On one of the shortest days of 2016, the year seems even longer than it has been.
Anxiety is widespread — worry about the state of the nation, its politics and governance. Many people feel deterioration from better times, even those whose candidates were elected.
To shorten your 2016 recovery period, start with two things: talk with an older person, and speak English.
Lessons from 1968
I was 19 in 1968. A blown knee gave me the grace of 4-F draft status, but the war was everywhere around us.
The Tet Offensive came early in the year, but then the war got worse. 1968 was the peak of Americans killed in Vietnam — 16,899 dead in that one year. Each week, 324 soldiers, Marines, sailors and fliers.
The Democratic National Convention in Chicago presented on TV the astounding riot outside by 23,000 police and National Guardsmen on 10,000 largely peaceful protesters.
We murdered Martin Luther King and Robert F. Kennedy within 63 days of each other.
“Race riots” had begun in large scale in 1965 (Watts), all but destroyed Detroit in 1967, but in 1968…125 cities. In Washington, D.C., the riot stopped two blocks from the White House. We elected Richard Nixon.
Compared to 1968, 2016 has been mildly nervous-making.
We got over 1968. We healed. It took a while — some would say clear until Ronald Reagan reminded us of our reasons to feel capable and to enjoy modest pride. Not to be self-satisfied, but to have faith in our nation and in each other.
Imbuing words with meaning
Speaking to each other, now as then…to communicate, words must have meaning. Two terms in common use today — “populism” and “working class” — have anti-meanings.
The US Populist Party founded in 1892 was a rebellion of farmers against bankers and back-East smartypants. See Robert Lafollette. A few years before, William Jennings Bryan fought the gold standard and deflation. Today, the media have seized on populism to explain all sorts of national and global political movements.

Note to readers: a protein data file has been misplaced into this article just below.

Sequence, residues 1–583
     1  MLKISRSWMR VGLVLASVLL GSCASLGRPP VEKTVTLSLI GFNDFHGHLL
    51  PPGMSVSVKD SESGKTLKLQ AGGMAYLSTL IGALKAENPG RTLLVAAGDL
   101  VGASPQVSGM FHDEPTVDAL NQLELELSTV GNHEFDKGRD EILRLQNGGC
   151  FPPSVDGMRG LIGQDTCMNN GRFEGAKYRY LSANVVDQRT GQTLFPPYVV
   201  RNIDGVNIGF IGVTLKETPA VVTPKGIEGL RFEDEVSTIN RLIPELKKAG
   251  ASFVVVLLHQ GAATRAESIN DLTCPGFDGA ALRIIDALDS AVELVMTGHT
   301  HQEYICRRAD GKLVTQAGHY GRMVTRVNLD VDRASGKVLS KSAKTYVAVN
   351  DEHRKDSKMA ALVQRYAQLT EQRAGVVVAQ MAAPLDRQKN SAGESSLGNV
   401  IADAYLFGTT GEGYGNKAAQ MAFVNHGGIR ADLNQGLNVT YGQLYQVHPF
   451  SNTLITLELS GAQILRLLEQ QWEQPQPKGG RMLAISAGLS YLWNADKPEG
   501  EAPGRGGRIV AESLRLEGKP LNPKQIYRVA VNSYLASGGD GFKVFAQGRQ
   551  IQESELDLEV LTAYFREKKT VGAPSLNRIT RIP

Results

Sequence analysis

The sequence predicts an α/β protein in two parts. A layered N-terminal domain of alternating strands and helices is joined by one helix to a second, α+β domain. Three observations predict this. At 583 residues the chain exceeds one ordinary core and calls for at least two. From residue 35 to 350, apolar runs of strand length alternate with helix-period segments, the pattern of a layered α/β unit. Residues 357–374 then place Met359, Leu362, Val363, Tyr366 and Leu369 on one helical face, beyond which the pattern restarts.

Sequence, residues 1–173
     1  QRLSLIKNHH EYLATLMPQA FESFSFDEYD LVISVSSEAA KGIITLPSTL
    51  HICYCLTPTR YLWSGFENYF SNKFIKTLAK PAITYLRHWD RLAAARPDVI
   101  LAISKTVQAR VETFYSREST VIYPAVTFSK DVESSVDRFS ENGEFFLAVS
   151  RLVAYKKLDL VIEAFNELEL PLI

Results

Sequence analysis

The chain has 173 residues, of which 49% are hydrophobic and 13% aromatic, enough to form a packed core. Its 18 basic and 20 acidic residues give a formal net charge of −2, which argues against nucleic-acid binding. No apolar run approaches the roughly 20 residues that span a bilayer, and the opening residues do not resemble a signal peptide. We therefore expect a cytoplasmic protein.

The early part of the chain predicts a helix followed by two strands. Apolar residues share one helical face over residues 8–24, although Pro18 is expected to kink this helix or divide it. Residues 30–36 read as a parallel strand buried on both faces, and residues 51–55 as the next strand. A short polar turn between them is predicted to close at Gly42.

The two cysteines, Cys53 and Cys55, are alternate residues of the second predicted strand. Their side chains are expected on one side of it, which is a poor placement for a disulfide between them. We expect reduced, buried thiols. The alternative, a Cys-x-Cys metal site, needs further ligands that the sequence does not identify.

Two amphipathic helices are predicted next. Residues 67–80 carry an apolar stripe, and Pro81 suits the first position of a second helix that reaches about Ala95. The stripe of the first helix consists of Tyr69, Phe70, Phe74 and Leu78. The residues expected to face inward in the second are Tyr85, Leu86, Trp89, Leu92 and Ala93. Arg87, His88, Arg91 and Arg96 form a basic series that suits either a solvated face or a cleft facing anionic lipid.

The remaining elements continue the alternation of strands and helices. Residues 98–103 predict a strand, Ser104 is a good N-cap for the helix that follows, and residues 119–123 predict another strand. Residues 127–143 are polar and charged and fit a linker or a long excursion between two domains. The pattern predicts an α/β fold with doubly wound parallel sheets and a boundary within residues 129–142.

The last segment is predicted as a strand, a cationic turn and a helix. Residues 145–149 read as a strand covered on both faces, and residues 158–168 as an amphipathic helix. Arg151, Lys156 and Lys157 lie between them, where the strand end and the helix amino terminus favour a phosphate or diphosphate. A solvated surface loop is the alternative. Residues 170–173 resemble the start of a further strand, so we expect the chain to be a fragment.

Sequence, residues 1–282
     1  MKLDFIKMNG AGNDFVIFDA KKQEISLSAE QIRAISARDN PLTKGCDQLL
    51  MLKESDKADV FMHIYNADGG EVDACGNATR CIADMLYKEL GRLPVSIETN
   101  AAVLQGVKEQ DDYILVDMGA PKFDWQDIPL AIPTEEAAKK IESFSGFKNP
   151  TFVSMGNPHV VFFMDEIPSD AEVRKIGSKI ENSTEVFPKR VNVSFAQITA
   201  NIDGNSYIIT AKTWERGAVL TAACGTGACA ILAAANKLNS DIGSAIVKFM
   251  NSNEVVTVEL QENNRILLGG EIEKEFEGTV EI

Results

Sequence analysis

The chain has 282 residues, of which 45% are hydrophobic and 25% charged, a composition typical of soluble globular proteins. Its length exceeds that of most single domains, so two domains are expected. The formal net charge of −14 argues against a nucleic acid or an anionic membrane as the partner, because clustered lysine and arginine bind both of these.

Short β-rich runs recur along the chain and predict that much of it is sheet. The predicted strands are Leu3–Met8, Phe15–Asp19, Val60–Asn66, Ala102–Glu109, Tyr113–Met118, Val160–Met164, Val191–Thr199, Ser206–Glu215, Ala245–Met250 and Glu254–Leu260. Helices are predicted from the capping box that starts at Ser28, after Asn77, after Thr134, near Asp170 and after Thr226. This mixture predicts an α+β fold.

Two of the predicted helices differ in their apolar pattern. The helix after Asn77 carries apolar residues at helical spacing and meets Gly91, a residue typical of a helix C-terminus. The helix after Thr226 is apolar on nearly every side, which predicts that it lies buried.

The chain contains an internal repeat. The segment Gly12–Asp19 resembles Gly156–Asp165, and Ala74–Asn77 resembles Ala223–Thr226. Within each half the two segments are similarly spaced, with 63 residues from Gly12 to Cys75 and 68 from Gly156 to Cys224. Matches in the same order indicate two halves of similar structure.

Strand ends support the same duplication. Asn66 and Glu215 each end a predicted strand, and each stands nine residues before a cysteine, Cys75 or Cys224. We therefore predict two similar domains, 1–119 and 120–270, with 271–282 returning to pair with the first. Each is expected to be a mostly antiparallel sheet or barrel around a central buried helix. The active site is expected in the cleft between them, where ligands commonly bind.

All B.S — the root of the word, populism, is Latin populus, “people.” The root for democracy is Greek demos, “the people.”
Lazy media constantly look for handy labels and mis-apply them to dissimilar subjects — anything to avoid explaining complexity. Trust me: There are political upsets in various places in Europe (the root of politics is Greek polis, for city or community), but not one is based on spreading contagion of Trumpism around the world.
The Scottish independence movement has less in common with Austrian rightists than Gaelic and German languages.
Democracy is just one long, roiling popular upset, but discord over highly unique and changing matters. To say that populism is a unifying movement is like saying democracy is the cause of it all. No meaning — although in the U.S., populism is the term that city smartypants like to use to dismiss ignorant and uppity country folk.
“Working class” is different. Its use is the fault — and ball and chain — of the Democrats. Until they get past working-class thinking, the Democrats will be unable to reform themselves, and we will all suffer.
Working class is a term from the Industrial Revolution — coined in Britain by that fine Englishman, Karl Marx — during a time of rigid and impenetrable class structures, many of which still persist in Europe.
The working class was separated from the upper class, which did not work, and from professionals and merchants whose work was too dignified for the term.
Central to the founding of the United States and most attractive to our 400-year flood of immigrants: here, you are who you are and what you can do, not who your parents were. No matter how mean your birth, or accented your speech, you can rise with your talent.
Use of “working class” today has some connection to the old union movement, now co-opted by enlightened business management — unionism distorted beyond recognition by government employees and professional athletes.
For pundits and Democrats to see the Trump or Tea Party revolts as working class rebellions…good grief.
Everybody works today. However, we have endured a 25-year period of excruciating change in the market value of most kinds of work.
Peter Drucker in the 1950s identified the growth of two new kinds of labor, “knowledge work” and “management,” but the explosion in knowledge work since 1990 is without precedent, and the global devaluation of working with our hands equally so.
The uprisings resulting in the Tea Party and Trump are partly regional-cultural, countryside versus city, but that’s old news. Millennia-old.
The rebellion underway today is the entirely justified reaction to economic abandonment — not just abandoned by government or school systems or business, but by each other. City folk have it fat, and don’t want to hear from the countryside or the wrong part of town.
There. It ain’t so bad now compared to some recent times.
And if you’re upset, and want to do something, start by thinking about people who are not like you, and listen to them.
Lou Barnes is a mortgage broker based in Boulder, Colorado. He can be reached at firstname.lastname@example.org.